January and April, the American Society of Church History is reevaluating its longstanding relationship with the American Historical Association. Because of administrative changes at the AHA, holding the ASCH annual meeting in conjunction with the AHA annual meeting has become more expensive and logistically challenging. The ASCH is in the process of surveying its members and other interested parties (watch this space!), and there will be an extraordinary business meeting in Atlanta in January to discuss future conferences. It's very important to those of us on the ASCH council to gather feedback and make careful, prudent decisions.
Some AAR members have reacted strongly against this slate of VP candidates. Aaron W. Hughes of the University of Rochester boycotted the election and explained why in an open letter to AAR members. Michael J. Altman of the University of Alabama also refused to cast a vote, writing on his blog, "For members of the AAR who, like myself, do not do theological work, who do not engage in constructive work within a religious tradition, who approach religion as a social/historical/cultural/discursive construction, and who work within state universities, there is no representative candidate. I am not a theologian."
Because one of the options for ASCH would be to meet in conjunction with AAR instead of AHA, I'm watching this saga with a fair amount of interest. I have to say, AAR's looking pretty inhospitable right now.
I don't know whether the following statements are representative of the AAR membership, but they certainly give me pause. Hughes's open letter includes the lines, "Both candidates are Christian ethicists/theologians. While colleagues tell me that at least one of them is a 'progressive evangelical,' I remain uncomfortable with the choices put before us." It would seem, then, that Hughes is not only worried about the VP candidates' methodology but also about the content of their theology, specifically whether that theology is sufficiently liberal (or at least not un-progressive evangelical). Many of my fellow ASCH members would fail that ideological litmus test and, frankly, be offended by it.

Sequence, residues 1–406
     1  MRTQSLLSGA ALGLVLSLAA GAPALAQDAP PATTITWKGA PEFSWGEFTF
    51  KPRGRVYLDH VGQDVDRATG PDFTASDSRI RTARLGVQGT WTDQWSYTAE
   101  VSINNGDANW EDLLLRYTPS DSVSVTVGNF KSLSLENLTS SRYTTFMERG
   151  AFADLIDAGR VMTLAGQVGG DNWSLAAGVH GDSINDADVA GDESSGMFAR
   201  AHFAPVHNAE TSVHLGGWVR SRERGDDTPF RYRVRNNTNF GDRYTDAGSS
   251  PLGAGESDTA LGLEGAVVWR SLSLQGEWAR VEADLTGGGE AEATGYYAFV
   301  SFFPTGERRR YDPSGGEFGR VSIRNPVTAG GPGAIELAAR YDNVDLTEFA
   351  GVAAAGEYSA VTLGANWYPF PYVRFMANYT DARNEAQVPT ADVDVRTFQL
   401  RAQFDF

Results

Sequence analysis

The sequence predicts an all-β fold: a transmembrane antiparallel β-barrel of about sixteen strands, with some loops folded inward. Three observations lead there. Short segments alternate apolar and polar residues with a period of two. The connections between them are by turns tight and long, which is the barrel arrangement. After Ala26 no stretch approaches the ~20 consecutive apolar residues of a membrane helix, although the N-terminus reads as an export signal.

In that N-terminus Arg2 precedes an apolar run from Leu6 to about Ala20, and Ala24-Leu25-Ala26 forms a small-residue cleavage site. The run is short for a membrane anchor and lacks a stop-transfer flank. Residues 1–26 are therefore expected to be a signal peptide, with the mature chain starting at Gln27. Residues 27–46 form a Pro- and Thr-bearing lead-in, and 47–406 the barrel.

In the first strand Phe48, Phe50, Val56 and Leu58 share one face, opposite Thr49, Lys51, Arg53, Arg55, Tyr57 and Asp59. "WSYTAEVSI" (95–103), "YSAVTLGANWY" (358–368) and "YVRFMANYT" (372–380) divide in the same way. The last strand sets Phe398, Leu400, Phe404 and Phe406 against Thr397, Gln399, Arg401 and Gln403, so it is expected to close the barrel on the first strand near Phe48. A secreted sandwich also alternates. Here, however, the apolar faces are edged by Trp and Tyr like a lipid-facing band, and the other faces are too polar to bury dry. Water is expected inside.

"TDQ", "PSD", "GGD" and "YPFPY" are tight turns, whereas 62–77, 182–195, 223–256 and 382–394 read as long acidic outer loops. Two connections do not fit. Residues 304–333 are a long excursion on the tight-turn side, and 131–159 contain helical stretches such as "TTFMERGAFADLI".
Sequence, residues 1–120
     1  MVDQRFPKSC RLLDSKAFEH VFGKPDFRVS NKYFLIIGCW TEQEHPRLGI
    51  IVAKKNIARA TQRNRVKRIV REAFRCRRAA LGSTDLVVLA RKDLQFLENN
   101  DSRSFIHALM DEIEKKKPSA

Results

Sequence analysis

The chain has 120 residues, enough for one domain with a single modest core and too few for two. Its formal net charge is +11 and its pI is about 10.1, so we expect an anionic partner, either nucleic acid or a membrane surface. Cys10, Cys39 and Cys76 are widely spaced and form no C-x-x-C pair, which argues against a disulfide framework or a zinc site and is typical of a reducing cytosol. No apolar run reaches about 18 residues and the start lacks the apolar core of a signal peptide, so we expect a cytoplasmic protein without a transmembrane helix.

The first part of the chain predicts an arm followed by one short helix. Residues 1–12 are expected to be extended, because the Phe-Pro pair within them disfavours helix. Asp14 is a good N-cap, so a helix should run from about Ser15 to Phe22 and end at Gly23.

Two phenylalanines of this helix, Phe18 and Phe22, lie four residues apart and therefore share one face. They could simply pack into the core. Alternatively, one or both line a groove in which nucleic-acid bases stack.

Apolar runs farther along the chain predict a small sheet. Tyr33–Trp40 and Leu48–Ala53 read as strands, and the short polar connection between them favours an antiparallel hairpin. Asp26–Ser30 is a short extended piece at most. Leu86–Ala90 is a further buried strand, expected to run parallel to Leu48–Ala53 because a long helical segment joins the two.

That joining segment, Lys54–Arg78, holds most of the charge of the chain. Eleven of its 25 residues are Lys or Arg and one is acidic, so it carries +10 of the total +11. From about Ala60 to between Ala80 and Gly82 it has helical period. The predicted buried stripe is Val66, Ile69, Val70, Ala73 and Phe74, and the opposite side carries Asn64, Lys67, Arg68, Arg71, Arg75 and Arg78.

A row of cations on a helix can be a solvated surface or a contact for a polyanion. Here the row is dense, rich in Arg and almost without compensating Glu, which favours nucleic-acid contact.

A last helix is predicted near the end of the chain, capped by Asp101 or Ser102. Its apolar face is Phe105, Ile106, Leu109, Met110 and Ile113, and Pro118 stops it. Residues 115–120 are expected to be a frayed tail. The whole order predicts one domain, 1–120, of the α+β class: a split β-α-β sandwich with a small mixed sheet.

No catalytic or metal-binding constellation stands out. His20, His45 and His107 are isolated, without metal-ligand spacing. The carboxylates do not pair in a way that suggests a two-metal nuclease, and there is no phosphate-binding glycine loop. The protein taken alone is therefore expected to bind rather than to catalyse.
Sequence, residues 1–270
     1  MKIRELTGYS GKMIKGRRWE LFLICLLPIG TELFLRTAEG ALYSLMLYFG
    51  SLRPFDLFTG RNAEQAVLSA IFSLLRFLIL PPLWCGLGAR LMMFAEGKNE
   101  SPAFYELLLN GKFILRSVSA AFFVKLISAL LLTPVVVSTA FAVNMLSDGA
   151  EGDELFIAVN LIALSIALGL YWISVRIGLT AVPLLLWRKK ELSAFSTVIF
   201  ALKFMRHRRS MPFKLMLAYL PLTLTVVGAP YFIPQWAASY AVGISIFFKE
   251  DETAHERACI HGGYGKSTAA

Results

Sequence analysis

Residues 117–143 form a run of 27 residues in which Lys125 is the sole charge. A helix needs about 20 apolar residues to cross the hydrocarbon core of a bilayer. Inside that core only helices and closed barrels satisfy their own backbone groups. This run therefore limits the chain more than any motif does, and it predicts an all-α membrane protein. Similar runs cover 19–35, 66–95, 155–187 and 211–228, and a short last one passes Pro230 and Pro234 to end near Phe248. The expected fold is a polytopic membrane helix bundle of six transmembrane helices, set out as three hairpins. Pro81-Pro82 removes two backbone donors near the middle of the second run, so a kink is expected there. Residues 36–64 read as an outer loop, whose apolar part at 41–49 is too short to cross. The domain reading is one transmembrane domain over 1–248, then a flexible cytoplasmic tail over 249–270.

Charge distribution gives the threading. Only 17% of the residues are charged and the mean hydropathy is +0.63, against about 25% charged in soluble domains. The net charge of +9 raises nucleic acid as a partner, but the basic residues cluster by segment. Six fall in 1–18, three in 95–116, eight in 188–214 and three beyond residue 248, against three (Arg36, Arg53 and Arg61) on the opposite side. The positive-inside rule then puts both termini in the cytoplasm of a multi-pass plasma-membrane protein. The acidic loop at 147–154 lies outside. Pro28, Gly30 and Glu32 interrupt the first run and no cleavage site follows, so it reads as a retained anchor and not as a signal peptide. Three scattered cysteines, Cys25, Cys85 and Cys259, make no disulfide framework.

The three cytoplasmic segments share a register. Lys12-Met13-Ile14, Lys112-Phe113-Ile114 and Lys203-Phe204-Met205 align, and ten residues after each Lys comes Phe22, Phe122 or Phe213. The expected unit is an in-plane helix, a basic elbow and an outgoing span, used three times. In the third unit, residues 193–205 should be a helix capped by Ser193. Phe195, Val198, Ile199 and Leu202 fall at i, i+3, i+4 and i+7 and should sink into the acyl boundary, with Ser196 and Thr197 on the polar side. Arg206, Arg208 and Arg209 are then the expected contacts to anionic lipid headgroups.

Altman delivers an even sharper jab: "That many AAR members would consider a Baptist minister and theologian [Gushee] their subject of study rather than their conversation partner doesn't seem to strike either candidate as a problem." I'm pretty sure that ASCH members would rather be treated as scholars than as specimens at their annual meeting, and if AAR members would be unable to extend them that courtesy, then the AAR isn't nearly as big a tent as it fancies itself to be.
No decision has been made about ASCH annual meetings, and none will be made until after January. Affiliation with AAR is still, at this point, a possibility, and if ASCH goes that way I will make my peace with it. At least AAR has better receptions. The sting of having my scholarship and my institution sneered at might be eased by a few free drinks.